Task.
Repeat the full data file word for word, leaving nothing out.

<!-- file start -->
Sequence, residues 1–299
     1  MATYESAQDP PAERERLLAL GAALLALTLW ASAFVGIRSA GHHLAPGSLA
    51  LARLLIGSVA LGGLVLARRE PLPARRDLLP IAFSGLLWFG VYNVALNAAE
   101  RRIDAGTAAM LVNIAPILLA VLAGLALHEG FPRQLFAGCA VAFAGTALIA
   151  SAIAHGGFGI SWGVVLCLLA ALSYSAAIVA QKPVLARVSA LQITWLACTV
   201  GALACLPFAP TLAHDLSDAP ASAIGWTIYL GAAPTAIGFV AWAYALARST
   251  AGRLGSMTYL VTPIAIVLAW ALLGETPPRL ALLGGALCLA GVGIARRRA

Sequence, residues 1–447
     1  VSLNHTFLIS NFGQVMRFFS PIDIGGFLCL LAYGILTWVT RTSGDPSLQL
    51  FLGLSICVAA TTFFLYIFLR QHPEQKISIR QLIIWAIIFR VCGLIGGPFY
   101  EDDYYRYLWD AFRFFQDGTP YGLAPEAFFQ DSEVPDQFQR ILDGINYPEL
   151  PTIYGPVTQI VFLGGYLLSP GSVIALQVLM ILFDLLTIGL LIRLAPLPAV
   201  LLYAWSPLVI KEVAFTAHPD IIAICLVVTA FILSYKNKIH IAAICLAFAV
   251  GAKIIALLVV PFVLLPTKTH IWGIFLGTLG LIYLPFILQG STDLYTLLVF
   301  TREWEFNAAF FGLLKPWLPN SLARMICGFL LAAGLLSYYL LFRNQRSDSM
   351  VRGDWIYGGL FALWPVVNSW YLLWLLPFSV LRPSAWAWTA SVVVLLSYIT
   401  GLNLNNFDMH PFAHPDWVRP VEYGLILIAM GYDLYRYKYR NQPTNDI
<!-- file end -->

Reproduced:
Sequence, residues 1–299
     1  MATYESAQDP PAERERLLAL GAALLALTLW ASAFVGIRSA GHHLAPGSLA
    51  LARLLIGSVA LGGLVLARRE PLPARRDLLP IAFSGLLWFG VYNVALNAAE
   101  RRIDAGTAAM LVNIAPILLA VLAGLALHEG FPRQLFAGCA VAFAGTALIA
   151  SAIAHGGFGI SWGVVLCLLA ALSYSAAIVA QKPVLARVSA LQITWLACTV
   201  GALACLPFAP TLAHDLSDAP ASAIGWTIYL GAAPTAIGFV AWAYALARST
   251  AGRLGSMTYL VTPIAIVLAW ALLGETPPRL ALLGGALCLA GVGIARRRA

Sequence, residues 1–447
     1  VSLNHTFLIS NFGQVMRFFS PIDIGGFLCL LAYGILTWVT RTSGDPSLQL
    51  FLGLSICVAA TTFFLYIFLR QHPEQKISIR QLIIWAIIFR VCGLIGGPFY
   101  EDDYYRYLWD AFRFFQDGTP YGLAPEAFFQ DSEVPDQFQR ILDGINYPEL
   151  PTIYGPVTQI VFLGGYLLSP GSVIALQVLM ILFDLLTIGL LIRLAPLPAV
   201  LLYAWSPLVI KEVAFTAHPD IIAICLVVTA FILSYKNKIH IAAICLAFAV
   251  GAKIIALLVV PFVLLPTKTH IWGIFLGTLG LIYLPFILQG STDLYTLLVF
   301  TREWEFNAAF FGLLKPWLPN SLARMICGFL LAAGLLSYYL LFRNQRSDSM
   351  VRGDWIYGGL FALWPVVNSW YLLWLLPFSV LRPSAWAWTA SVVVLLSYIT
   401  GLNLNNFDMH PFAHPDWVRP VEYGLILIAM GYDLYRYKYR NQPTNDI